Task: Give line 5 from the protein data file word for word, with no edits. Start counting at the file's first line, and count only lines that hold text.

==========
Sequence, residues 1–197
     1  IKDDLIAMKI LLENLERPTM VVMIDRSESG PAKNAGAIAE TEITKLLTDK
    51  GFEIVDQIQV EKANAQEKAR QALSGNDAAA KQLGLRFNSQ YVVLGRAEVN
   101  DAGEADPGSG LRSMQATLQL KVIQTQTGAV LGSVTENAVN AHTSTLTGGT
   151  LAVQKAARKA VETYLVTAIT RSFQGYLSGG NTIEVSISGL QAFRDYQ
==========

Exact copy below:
   151  LAVQKAARKA VETYLVTAIT RSFQGYLSGG NTIEVSISGL QAFRDYQ